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SG 702
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SG 702

Brahms: Symphony No. 1

The Classical Shop
release date: October 2008

Originally recorded in 2008

Artists:

Orchestre Revolutionnaire et Romantique


John Eliot Gardiner


The Monteverdi Choir



Venue:

Salle Pleyel, Paris


Royal Festival Hall, London



Producer:

Isabella de Sabata


Isabella de Sabata

(Executive)

Jonathan Manners

(Executive)

Engineer:

Mike Hatch


Hugh Walker

(Assistant)

Andrew Riches

(Assistant)

Record Label
SDG

Genre:

Choir


Orchestral & Concertos

Total Time - 75:08
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JOHANNES BRAHMS

(1833-1897)
1 

Begrabnisgesang, Op. 13 (1858)

6:14
   
 

FELIX MENDELSSOHN

(1809-1847)
2 

Mitten wir im Leben sind, Op. 23/3 (1830)

8:34
   
3 

Schicksalslied, Op. 54 (1871)

16:11
   
 

Symphony No. 1 in C minor, Op. 68 (1878)

44:09  
4 I Un poco sostenuto - Allegro 15:07
5 II Andante sostenuto 8:33
6 III Un poco allegretto e grazioso 4:18
7 IV Adagio - Più andante - Allegro non troppo, ma con brio 16:11
Brahms: Symphony No. 1 / Mendelssohn: Mitten wir im Leben sind – Monteverdi Choir, Orchestre Révolutionnaire et Romantique, Gardiner

‘This is a mighty Brahms First which, like the programme it inhabits, is a thing sufficient unto itself… These are intensely dramatic performances, powerful and unmanicured. The gathering drama of the three choral pieces is channelled and unleashed in a towering account of the First Symphony’s opening movement.’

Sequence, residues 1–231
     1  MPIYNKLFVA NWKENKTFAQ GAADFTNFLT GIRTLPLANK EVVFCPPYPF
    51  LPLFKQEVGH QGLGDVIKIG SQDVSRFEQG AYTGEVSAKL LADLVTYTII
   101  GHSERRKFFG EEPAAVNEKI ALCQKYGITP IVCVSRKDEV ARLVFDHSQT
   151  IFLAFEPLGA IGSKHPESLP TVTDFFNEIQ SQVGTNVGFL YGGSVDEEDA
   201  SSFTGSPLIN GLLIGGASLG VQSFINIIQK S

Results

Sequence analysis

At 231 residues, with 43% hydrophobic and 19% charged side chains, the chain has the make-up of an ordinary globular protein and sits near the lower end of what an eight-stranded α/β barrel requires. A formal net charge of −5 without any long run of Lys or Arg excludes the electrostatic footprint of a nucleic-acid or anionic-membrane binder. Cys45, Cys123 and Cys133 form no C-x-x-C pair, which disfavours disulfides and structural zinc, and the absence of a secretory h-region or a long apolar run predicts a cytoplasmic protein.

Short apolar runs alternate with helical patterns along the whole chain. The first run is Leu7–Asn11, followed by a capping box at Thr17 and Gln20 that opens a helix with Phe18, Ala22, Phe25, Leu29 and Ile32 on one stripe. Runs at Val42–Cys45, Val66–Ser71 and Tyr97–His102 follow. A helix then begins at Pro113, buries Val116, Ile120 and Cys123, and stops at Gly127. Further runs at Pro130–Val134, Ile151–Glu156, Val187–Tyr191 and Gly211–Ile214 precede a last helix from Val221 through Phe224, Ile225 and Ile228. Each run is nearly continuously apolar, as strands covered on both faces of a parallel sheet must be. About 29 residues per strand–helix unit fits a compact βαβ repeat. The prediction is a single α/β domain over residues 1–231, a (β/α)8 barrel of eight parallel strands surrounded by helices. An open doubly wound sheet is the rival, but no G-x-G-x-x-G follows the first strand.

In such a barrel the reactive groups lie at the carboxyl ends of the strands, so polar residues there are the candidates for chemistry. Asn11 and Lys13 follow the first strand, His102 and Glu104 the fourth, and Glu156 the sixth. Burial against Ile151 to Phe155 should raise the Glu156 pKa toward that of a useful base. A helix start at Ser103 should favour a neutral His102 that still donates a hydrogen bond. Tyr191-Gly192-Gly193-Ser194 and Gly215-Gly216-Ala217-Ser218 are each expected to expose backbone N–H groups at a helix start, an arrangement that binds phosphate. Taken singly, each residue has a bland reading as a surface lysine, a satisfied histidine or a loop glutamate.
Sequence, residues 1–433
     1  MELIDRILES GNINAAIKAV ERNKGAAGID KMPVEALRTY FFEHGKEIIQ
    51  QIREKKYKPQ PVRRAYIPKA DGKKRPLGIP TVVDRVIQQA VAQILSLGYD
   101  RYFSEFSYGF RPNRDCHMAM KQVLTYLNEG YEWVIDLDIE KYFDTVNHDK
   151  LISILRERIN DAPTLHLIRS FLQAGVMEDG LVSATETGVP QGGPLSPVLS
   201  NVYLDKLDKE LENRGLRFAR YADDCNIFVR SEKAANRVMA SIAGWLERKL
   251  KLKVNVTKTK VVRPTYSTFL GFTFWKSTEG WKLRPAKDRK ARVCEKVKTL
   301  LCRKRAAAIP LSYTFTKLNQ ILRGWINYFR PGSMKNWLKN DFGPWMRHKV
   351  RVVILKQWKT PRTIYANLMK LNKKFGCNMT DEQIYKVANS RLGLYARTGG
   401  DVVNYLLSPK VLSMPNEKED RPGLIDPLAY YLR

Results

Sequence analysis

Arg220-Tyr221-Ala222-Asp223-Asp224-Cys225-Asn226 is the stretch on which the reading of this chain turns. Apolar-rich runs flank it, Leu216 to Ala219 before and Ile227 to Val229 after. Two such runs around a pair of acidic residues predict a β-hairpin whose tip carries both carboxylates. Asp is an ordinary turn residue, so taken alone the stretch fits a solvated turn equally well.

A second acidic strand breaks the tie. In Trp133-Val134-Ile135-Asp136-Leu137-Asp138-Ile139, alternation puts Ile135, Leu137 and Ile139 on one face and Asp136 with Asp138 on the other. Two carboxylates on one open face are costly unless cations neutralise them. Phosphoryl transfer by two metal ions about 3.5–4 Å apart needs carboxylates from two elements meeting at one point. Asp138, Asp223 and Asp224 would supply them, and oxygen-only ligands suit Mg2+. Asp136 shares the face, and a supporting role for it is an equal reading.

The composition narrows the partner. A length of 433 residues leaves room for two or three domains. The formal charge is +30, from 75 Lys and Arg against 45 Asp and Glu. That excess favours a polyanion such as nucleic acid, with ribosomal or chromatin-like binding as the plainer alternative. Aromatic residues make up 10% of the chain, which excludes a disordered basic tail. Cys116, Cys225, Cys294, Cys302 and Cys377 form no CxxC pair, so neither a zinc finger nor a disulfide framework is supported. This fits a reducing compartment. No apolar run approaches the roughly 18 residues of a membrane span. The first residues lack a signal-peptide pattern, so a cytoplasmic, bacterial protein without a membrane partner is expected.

Gramophone, September 2008

‘This weekend at the Royal Festival Hall in London, John Eliot Gardiner and the Orchestre Révolutionnaire et Romantique complete their Brahms project with the Third and Fourth Symphonies, performed within the context of choral works both by Brahms himself and by earlier composers whom he admired. This first disc brings together performances from the beginning of the cycle a year ago: recordings of the First Symphony, Schicksalslied and the rarely heard early work Begräbnisgesang, as well as Mendelssohn’s equally unusual Mitten wir im Leben sind, all taken from concerts in the Festival Hall and the Salle Pleyel in Paris. The mix works as well on disc as it did live; Gardiner’s period-instrument textures and no-nonsense tempos buoy up music that can too easily get bogged down… A good start to what promises to be a fascinating series.’

Andrew Clements, The Guardian, 3 October 2008



This release is the first in the series and coincides with the second part of Gardiner’s project, which will be touring extensively in Europe during autumn 2008.

This exciting new recording combines the large-scale vigour, drama and passion of Brahms with the expert musicianship and authentic approach that has come to be expected of John Eliot Gardiner, The Monteverdi Choir and his superb Orchestre Révolutionnaire et Romantique.

Unique to this recording is the way in which Brahms’ Symphony is set within its historical and vocal context. As Gardiner explains: